Feature Interview: Jens Ritter

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  1. TalkBass

    TalkBass News & Features Posting Account Gold Supporting Member

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    <p align="center"><img src="http://www.talkbass.com/images/ritter/ritter1.jpg" width="283" height="213" align="left"><strong><font size="+1">Spotlight Interview: Jens Ritter of Ritter Bass Guitars </font></strong></p> <p align="center"><a href="http://www.ritter-basses.com">www.ritter-basses.com</a></p> <p align="center"> <strong><em>Interview by Jay M. Lewis (TalkBass Forum member 'JPJ') </em></strong><br> </p> <p>Few luthiers can say that they got their start at the age of seven as a result of an elementary school project, but you can count Jens Ritter among those few who can. When his grade school class was presented with a challenge to make a musical instrument from waste materials, Jens decided to fashion a guitar from an old food can, a piece of wood, and some scrap wire. By the time Jens has hit sixteen, he had already started tinkering with an old inexpensive jazz bass copy he had, making refinements to improve the overall quality of the instrument. Working in friends' instruments soon followed, and by the time he was nineteen, he had already designed and built this first bass. While Jens received much of his inspiration and education in woodworking from his grandfather, who is also a carpenter/woodworker, his background in engineering has probably had as much of an impact on his current designs as anything. I recently asked Jens about how he blends the sciences and the arts to end up with the beautiful and tuneful creations that are Ritter Basses. </p>
     
  2. TalkBass

    TalkBass News & Features Posting Account Gold Supporting Member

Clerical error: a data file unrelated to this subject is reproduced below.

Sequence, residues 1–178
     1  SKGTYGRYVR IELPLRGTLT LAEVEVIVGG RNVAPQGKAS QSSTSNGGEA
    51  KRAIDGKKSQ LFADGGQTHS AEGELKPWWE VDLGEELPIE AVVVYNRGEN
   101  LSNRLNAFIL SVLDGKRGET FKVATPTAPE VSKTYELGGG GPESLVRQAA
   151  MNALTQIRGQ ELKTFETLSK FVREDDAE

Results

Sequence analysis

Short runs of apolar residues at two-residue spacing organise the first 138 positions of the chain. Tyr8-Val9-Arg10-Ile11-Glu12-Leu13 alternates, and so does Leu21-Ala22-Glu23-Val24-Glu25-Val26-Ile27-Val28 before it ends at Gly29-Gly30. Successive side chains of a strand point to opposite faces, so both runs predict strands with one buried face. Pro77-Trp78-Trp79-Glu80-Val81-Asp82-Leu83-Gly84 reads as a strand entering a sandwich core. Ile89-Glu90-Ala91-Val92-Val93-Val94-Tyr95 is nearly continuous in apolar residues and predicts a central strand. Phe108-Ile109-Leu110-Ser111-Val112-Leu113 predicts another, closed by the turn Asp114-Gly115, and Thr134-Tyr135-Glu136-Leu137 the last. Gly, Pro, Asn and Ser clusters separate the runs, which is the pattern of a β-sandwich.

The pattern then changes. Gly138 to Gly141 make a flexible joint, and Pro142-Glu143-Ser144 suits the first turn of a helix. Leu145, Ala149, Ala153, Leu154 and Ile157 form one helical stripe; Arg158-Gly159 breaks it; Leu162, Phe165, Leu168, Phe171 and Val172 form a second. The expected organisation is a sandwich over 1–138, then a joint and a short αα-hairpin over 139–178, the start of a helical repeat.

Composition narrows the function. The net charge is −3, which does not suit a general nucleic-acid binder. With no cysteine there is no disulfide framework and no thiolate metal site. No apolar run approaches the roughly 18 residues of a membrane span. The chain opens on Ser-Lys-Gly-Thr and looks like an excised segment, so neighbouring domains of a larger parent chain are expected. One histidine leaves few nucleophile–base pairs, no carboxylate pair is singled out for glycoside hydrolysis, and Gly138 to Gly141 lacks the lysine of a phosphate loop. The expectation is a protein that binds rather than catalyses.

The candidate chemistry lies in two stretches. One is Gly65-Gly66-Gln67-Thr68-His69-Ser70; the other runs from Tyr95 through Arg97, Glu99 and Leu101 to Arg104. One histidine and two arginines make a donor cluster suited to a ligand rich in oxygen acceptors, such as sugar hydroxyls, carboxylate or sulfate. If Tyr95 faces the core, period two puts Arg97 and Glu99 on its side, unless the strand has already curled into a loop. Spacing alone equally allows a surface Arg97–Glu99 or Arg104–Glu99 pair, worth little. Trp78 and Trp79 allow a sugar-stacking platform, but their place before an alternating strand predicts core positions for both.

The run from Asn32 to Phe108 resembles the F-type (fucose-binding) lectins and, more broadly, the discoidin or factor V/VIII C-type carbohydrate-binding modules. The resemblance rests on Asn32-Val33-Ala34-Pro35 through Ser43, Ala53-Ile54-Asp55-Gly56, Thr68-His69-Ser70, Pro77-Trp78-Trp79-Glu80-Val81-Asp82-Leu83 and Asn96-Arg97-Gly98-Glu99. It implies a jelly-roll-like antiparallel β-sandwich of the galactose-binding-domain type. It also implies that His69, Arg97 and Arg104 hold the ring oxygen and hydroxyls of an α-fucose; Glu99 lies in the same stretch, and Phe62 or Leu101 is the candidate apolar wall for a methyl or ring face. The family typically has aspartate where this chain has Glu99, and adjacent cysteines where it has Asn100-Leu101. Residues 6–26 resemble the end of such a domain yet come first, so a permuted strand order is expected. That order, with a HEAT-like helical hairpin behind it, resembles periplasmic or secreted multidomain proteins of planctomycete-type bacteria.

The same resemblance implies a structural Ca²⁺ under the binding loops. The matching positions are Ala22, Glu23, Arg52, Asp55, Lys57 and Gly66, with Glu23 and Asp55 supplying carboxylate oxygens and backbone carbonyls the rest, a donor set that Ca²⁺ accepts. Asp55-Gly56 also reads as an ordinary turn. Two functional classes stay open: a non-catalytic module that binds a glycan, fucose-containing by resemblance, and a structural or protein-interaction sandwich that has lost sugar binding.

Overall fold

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    <p><strong>JL: What initially attracted you to woodworking?</strong></p> <p>JR: I lived as a child (and still do) a few minutes away from our forest. We used to always play "Robin Hood" there and needed some bows & arrows. I carved this stuff with an old pocketknife. This was my first contact with wood. Also my grandfather was a carpenter. When I was a few years older, I used to spend hours and hours in his little workshop. He taught me a lot about handling wood and the treatment of surfaces.</p> <p><strong>JL: How did you make the transition from that interest as a young boy to becoming a luthier and full-time bass builder?</strong></p> <table width="100" border="0" align="right" cellpadding="3" cellspacing="3"> <tr> <th scope="col"><img src="http://www.talkbass.com/images/ritter/ritter9.jpg" width="283" height="213"></th> </tr> <tr> <td>&nbsp;</td> </tr> </table> <p>JR: Well, I didn't really decide one day to become a luthier. I just wasn't satisfied with the basses I had in my teenage years. Not really attractive shapes, bad sound, horrible playability... and I never had enough money to buy a good bass. So, I decided to build my own instrument with all of the features I liked. After it was finished, I made a few more improved basses. Also repairing and replacing for friends and local musicians gives me more understanding regarding bass guitars. One day I wanted to get a professional opinion about my instruments and showed 2 of them to a reviewer of the German Guitar & Bass Magazine. He was very surprised about the sound and playability and decided to write a review in the magazine immediately. I was very astonished and couldn't believe it, that my instruments were shown in the magazine. Unexpectedly the review was really good, and a few days later I got the first orders for RITTER Basses. It was a great feeling that people were happy with the instruments that I build with my hands. I started to love this feeling and now I'm addicted to it.</p> <p><strong>JL: How long have you been building basses?</strong></p> <p>JR: Building basses fulltime professional? Maybe since 7 years now.</p> <p><strong>JL: How did you come up with your original body designs?</strong></p> <p>JR: I have no idea how I "invented" my designs. They were just in my head someday and I had to draw them on a piece of paper. I always loved different, not traditional looking instruments. Especially for my first - the Classic - bodyshape the Thompson Basses were a big influence for me. I totally loved the language of his shapes.</p> <table width="100" border="0" align="left" cellpadding="3" cellspacing="3"> <tr> <th scope="col"><a href="http://www.ritter-basses.com/ritter-basses-gallery/ritter-basses-galleryclassic.htm"><img src="http://www.talkbass.com/images/ritter/ritter3.jpg" width="430" height="147" border="0"></a></th> </tr> <tr> <td><font size="1">&quot;Classic&quot; : 5 -String / Spalted Maple Top and Orange Honey Finish</font></td> </tr> </table> <p><strong>JL: What led you to your current designs and how did you arrive at the various models of basses you build today?</strong></p> <p>JR: These models are just the result of ideas I had. I always designed basses inside my head when I saw cool stuff like Thompsons or old Atlansias or whatever. So I already had shapes I liked most in my mind before drawing them on paper the first time. Some of them I changed a very little bit, but most are original like in my mind.</p> <p><strong>JL: What has the response been to your unique body designs?</strong></p> <p>JR: Some of the "traditional bass players" sometimes have problems with the shapes. Esspecially the JUPITER and the RAPTOR. But mostly I get positive responses...also from people who are not players. That's cool also. I don't know somebody who really hates my stuff.</p> <p><strong>JL: Are you a musician? Who are your musical influences, and do they have an impact on you as a builder?</strong></p> <p>JR: Of course I'm a bass player! I have to. If somebody wants to create and build a new instrument, he or she must play exactly this instrument to know what's going on. How it has to feel, to sound, to act, to look...If you are not 100% familiar with the instrument you build, you are not able to produce a great one. I used to play a lot of fusion and -hmmmm - don't know how to say - strange experimental music. I love to experiment with different tones and sounds. Therefore, sound-wise I was influenced by players like Jonas Hellborg, Hellmut Hattler, Doug Wimbish , Les Claypool, and some local bass players here in Germany. Of course, I got also my "standard-bass-player- influences" from Bootsy, Stanley, Jaco, Marcus, Flea and all these guys. The impact on me - hmmmm - well the most important I learned from listening to the artistic message of these players was, to learn to be free in experimenting. Accept no limits - don't care about existing laws. Designing weird body shapes; using strange materials to get new unknown sounds out of; checking out new building techniques to get better playability. Just free experimenting. To do whatever you like. It's an internal desire. It's absolutely OK if some other bass builders make, for example, only slightly modified jazz bass copies or something like that for his whole life, but it's not my thing. I have to search for new stuff and steadily improve my instruments. You can't believe how many basses I put into my garbage can the last years because they were so horribly bad! :) But from some of the experiments I got great helpful results for my bass building development. I'm very happy that I received all of these influences from these players and learned from it. It's a kind of steady moving musical energy. For example...Doug Wimbish. I tried to copy his playing techniques a lot of years ago and learned about his freedom to "design his playing". So I transferred this way of thinking - intentional or not intentional - in my bass making. Then, a few months ago Doug discovered my basses, recognized the new shapes and different sounds and told me that this is exactly what he has been looking for for years. Same day he ordered a 5-String. He got it a few weeks ago and now he is very happy with it, just like I was with his playing a few years ago.</p> <p><strong>JL: Where were you born and where are you currently living?</strong></p> <table width="100" border="0" align="right" cellpadding="3" cellspacing="3"> <tr> <th scope="col"><a href="http://www.ritter-basses.com/ritter-basses-gallery/ritter-basses-galleryseal.htm"><img src="http://www.talkbass.com/images/ritter/ritter6.jpg" width="430" height="155" border="0"></a></th> </tr> <tr> <td><font size="1">&quot;Seal&quot; : 7-String Fretless / 24 Karat Gold Finish </font></td> </tr> </table> <p>JR: I live only a few miles away from the place I was born. I'm still totally in love with my area. My village is located in the middle of a big winegrowing region [Wachenheim, Germany] ;-). The climate is very fine and I have only 5 minutes by bike to go mountain biking into the local forest hills. Also everything is very old. We have a lot of old castles from the middle ages around and my workshop is actually a house from the 17th century.</p> <p><strong>JL: What jobs did you have before building basses? Did any of these experiences contribute in any way to helping you become a better luthier?</strong></p> <p>JR: I'm actually a mechanical engineer. From this job I received a lot technical knowledge regarding construction, oscillation rules and stuff like this...</p> <p><strong>JL: Are you working full-time as a builder?</strong></p> <p>JR: Of course. I work 6 days, 11-12 hours in the moment.</p> <p><strong>JL: Do you do all of the work yourself or do you have assistants to help out?</strong></p> <p>JR: I couldn't handle all the orders last year, so I hired Dr. Daniel - a friend of mine - to help me with the woodwork. He's very talented and a good musician. It was a big problem to find a fitting person. Most very good craftsmen are non musicians and have not really an idea how to build basses. And most great musicians are not even able to hold a hammer the right way. So, with Dr. Daniel I get a real perfect person. He even cooks very well in our lunch break! ;-).</p> <table width="100" border="0" align="left" cellpadding="3" cellspacing="3"> <tr> <th scope="col"><a href="http://www.ritter-basses.com/ritter-basses-gallery/ritter-basses-galleryraptor.htm"><img src="http://www.talkbass.com/images/ritter/ritter7.jpg" width="149" height="430" border="0"></a></th> </tr> <tr> <td><font size="1">&quot;Raptor&quot; : 5-String / Black Marble Finish </font></td> </tr> </table> <p><strong>JL: What is your wait time and how many basses do you build a month?</strong></p> <p>JR: Like I said before, the total from last year was around 45 basses. The waiting time is between 8-10 months.</p> <p><strong>JL: What is the funniest/strangest/most unique request you've ever had?</strong></p> <p>JR: I made some strange basses over the last few years, like a double neck 1 string bass and stuff like this. But for me, most things are not strange anymore after the bass is built and handed out to the customer. If you deal a lot with a strange body shapes or an extremely complicated inlay during the building process - it becomes "normal". A few years ago, if somebody would have asked me this question I probably would have told him "Oh, I just had a request for a 5-String bass with tremolo. Totally crazy!". But today, this is not strange to me anymore. I'm currently working on a 9-String bass with a custom made tremolo. I'm also working on a 4- string with some onboard effects for Doug Wimbish.These are my strange thinks of today.</p> <p><strong>JL: In your opinion, what is the most important factor in determining the tone of a bass?</strong></p> <p>JR: It's just not possible to name a special, most significant element. Many makers consider the wood of the body to be - exclusively - responsible for the (desired) sound. Others, however, claim that simply the pickup and electronics make up 70% of the sound. The next says only the neck makes the sound...... My experience tells me that the instrument can only deliver the perfect sound (of course: perfect as desired) if all components are carefully selected and composed to the ideal match. In other words: If for example, the wood of the body happens to produce a beautiful sound, and if you install a poor pickup, you are bound to lose the wood's natural sound. Vice versa, if you combine high-end pickups and electronics with plywood for cheap furniture production, you will end up with a similarly poor result. So for me, all elements employed ought to be of first class quality and to match each other: the wood, the electronics, the pickups, the hardware, as well as a lot of minute construction details.</p> <p><strong>JL: In your opinion, what has the least impact on the tone of a bass?</strong></p> <p>JR: For me it's not possible to pick one thing. There are a lot of minor things which don't have a very big influence. But the amount of all these small influences has a big effect. Hmmmm...... the least impact......... could possibly be the case which comes with the bass ;-).</p> <p><strong>JL: What is the one factor or element that defines you as a builder of high-end bass guitars? What are you known for best?</strong></p> <p>JR: Beside my different shapes, I my customers tell me that my instruments are on a high level in all of the three most important factors: Playability, crafts quality and the sound - the voice of the basses. They, for example, already had a bass with perfect playability but not a good sound. Or they already had a great sounding bass with an ugly look and horrible playability. My new customers always tell me that they spend more money buying a bass from me, but they end up getting a bass which satisfies them in every way.</p> <table width="100" border="0" align="left" cellpadding="3" cellspacing="3"> <tr> <th scope="col"><a href="http://www.ritter-basses.com/ritter-basses-gallery/ritter-basses-galleryjupiter.htm"><img src="http://www.talkbass.com/images/ritter/ritter5.jpg" width="430" height="151" border="0"></a></th> </tr> <tr> <td><font size="1">&quot;Jupiter&quot; 6-String / Futura Finish </font></td> </tr> </table> <p><strong>JL: What is the largest misconception that people seem to have about you and the job of a high-end, small production luthier?</strong></p> <p>JR: Well, I build mostly expensive basses. Some retail around $10,000 USD. So nearly all people think that I earn a lot of money and that I'm rich. But it's just not like that. I still have problems paying my workshop rent every month.</p> <p><strong>JL: What is the most rewarding aspect of your job? What do you enjoy the most about building basses? JR: Listening to music from customers that was recorded with one</strong> of my instruments gives me a great satisfaction. Also, it's always wonderful when the customer comes after a lot of months of building time to my workshop to pick up his ordered instrument and they are very happy with it. Or even people at trade shows just telling me "Wow! Beautiful stuff man...". All this acknowledgment from other people show me that it is really good to keep on building my instruments. The topping is: If you listen to records of a great bass player when you are 13 or 14 years old, and today you are at a concert of exactly this player and he plays the same songs like 15 years ago but now he plays on a bass made by your own hands. That's an unbelievably great feeling.</p> <p><strong>JL: Of all the instruments you've built over your career, which one was your favorite and why?</strong></p> <table width="100" border="0" align="right" cellpadding="3" cellspacing="3"> <tr> <th scope="col"><a href="http://www.ritter-basses.com/ritter-basses-gallery/ritter-basses-galleryclassic.htm"><img src="http://www.talkbass.com/images/ritter/ritter8.jpg" width="140" height="430" border="0"></a></th> </tr> <tr> <td><font size="1">&quot;Classic&quot; Figured Maple Top / High Gloss Late Lounge Finish </font></td> </tr> </table> <p>JR: I have had different favorites. Mostly one of a kind prototypes. Or...basses I played live on a gig to check out before delivering to customers and there I discovered unbelievable characters. They all had some very strange specialties. Some basses I am really angry with me that I sold them. I have even already started to buy basses back from customers and I'm still looking for a few ones I totally must have again. But I don't want to tell which ones here........:- )</p> <p><strong>JL: Is being located in Europe an advantage or disadvantage in building basses? Does is present any significant disadvantages to selling basses in the U.S.?</strong></p> <p>JR: Concerning US customers, I first thought it was a problem because of the overseas distance. If a customer has a damaged bass for example, it's easy for him to ship it to his bass builder in New York or Los Angeles to let him repair it, but shipping to Europe looks like it is a big deal with customs and shipping cost. So therefore, I found a very good solution: I made a special contract with FEDEX and now the customer can call from anywhere in the world and the local FEDEX station will pick the bass up and ship it overnight to me, and I will fill out all the official paper work for the customer.</p> <p><strong>JL: Are you planning any changes to your business, such as adding new products other than bass guitars?</strong></p> <p>JR: Well, I actually opened an on-line shop on my website. I always have customers who want to get some accessories with their basses. They always ask me where to get hardshell cases or good strings or new cables. So, I got the idea to offer this stuff by myself. When selling my own stuff, I recognized that I can have accessories 100% like I want to have them. Also I only wanted to sell very high-end stuff that is similar to my instruments. I put a lot of time in searching out cool new things for my collection. The first project was designing a new bass string with progressive tension and high-density steel. I call them Swordsteel strings. Then I discovered a Teflon- based guitar polish; a very great dual conductor bass cable from Brazil, and some more stuff. This was a big project the last years and a few days ago I finally opened my web shop and got a lot of orders, especially on the strings. (www.ritter- basses.com/shop.php)</p> <p><strong>JL: Where do you see yourself and your business in 5 or 10 years?</strong></p> <p>JR: I will try to produce more instruments than I'm currently building. I built around 45 last year. And now - with Dr. Daniel - we are maybe able to make 60 a year or something like this. I have many backorders and a lot customers call every week and ask when there bass is ready. So I don't have time to produce basses for "me" (for tradeshows, reviews....). If I would produce a few more, it would be very great.</p> <p><strong>JL: If you weren't building basses, what would you be doing?</strong></p> <p>JR: Being rich!</p> <table width="100" border="0" align="center" cellpadding="3" cellspacing="3"> <tr> <th scope="col"><a href="http://www.ritter-basses.com"><img src="http://www.talkbass.com/images/ritter/ritter10.jpg" width="380" height="218" border="0"></a></th> </tr> <tr> <td>&nbsp;</td> </tr> </table> <p align="center"><strong>Visit Ritter Basses on the web at<a href="http://www.ritter-basses.com"> http://www.ritter-basses.com/</a></strong></p> <p>--------</p> <p>Jay M. Lewis owns and operates <a href="http://www.blueberryhillbass.com">Blueberry Hill Bass</a>, a high-end bass store catering to bass enthusiasts looking for the ultimate in craftsmanship, playability, tone, and value. Blueberry Hill is an authorized dealer for Benavente, DHuff, Eshenbaugh, Lull, Nordstrand, and Roscoe basses. &nbsp;